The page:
Etymology
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inherent (adj.)
1570s, from Latin inhaerentem (nominative inhaerens), present participle of inhaerere "be closely connected with, be inherent," literally "adhere to, cling to," from in- "in" (from PIE root *en "in") + haerere "to adhere, stick" (see hesitation). Related: Inherently.
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inhesion (n.)
1630s, from Late Latin inhaesionem (nominative inhaesio) "a hanging or adhering to," noun of action from past participle stem of Latin inhaerere "to stick in or into" (see inherent).
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inherence (n.)

1570s, from French inhérence (15c.) or directly from Medieval Latin inhaerentia, from inhaerentem (see inherent). Related: Inherency (c. 1600).

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inhere (v.)
1580s, "to exist or have being" (in something), "belong to the intrinsic nature of," from Latin inhaerere "to stick in or to," also figurative (see inherent). Related: Inhered; inhering.
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potency (n.)

"power, inherent strength, ability to accomplish or effect," mid-15c., potencie, from Latin potentia "power," from potentem "potent," from potis "powerful, able, capable," from PIE root *poti- "powerful; lord."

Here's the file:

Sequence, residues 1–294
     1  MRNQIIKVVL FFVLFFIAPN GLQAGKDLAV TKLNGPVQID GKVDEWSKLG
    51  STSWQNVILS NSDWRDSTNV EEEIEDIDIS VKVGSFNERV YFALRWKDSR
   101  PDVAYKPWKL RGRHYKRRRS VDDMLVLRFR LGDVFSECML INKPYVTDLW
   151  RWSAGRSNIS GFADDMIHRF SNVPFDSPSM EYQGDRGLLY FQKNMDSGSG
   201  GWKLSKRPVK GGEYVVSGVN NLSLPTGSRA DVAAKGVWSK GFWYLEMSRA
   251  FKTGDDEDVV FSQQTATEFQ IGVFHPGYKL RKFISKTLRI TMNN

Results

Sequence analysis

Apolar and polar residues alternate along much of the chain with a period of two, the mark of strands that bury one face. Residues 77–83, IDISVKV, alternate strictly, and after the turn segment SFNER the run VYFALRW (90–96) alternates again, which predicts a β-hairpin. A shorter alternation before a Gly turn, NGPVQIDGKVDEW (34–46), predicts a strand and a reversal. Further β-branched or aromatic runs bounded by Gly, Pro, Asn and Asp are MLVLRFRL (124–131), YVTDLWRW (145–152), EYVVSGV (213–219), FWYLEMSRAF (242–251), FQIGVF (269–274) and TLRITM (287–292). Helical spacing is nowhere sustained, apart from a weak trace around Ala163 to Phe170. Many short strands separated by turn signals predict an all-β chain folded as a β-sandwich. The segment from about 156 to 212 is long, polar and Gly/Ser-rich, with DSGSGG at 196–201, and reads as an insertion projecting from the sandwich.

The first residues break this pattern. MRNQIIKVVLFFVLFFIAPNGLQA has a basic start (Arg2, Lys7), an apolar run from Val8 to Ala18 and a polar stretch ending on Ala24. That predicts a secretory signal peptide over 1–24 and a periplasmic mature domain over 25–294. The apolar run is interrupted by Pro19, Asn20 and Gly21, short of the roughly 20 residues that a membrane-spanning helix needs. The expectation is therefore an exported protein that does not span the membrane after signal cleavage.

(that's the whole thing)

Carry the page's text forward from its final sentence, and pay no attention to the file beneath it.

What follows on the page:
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inbred (adj.)
1590s, "native, produced within," also "inherent by nature," from in + bred. The genetic sense is attested from 1892 (see inbreeding).
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disability (n.)

1570s, "want of power, strength, or ability," from dis- + ability. Meaning "incapacity in the eyes of the law" is from 1640s. Related: Disabilities.

Disability implies deprivation or loss of power; inability indicates rather inherent want of power. [Century Dictionary]
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potent (adj.)

early 15c., "mighty, very powerful, possessed of inherent strength," from Latin potentem (nominative potens) "powerful," present participle of *potere "be powerful," from potis "powerful, able, capable; possible;" of persons, "better, preferable; chief, principal; strongest, foremost," from PIE root *poti- "powerful; lord." Meaning "having sexual power, capable of orgasm in sexual intercourse" (of men) is recorded by 1893.

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immanent (adj.)

"indwelling, remaining within, inherent," 1530s, via French immanent (14c.) or directly from Late Latin immanens, present participle of immanere "to dwell in, remain in," from assimilated form of in- "into, in, on, upon" (from PIE root *en "in") + Latin manere "to dwell" (from PIE root *men- (3) "to remain"). In medieval philosophy contrasted with transitive; later with transcendent. Related: Immanently.

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abdication (n.)
Origin and meaning of abdication

1550s, "a disowning," from Latin abdicationem (nominative abdicatio) "voluntary renunciation, abdication," noun of action from past-participle stem of abdicare "disown, disavow, reject," from ab "off, away from" (see ab-) + dicare "proclaim" (from PIE root *deik- "to show," also "pronounce solemnly," and see diction). Sense of "resignation of inherent sovereignty" is from 1680s.

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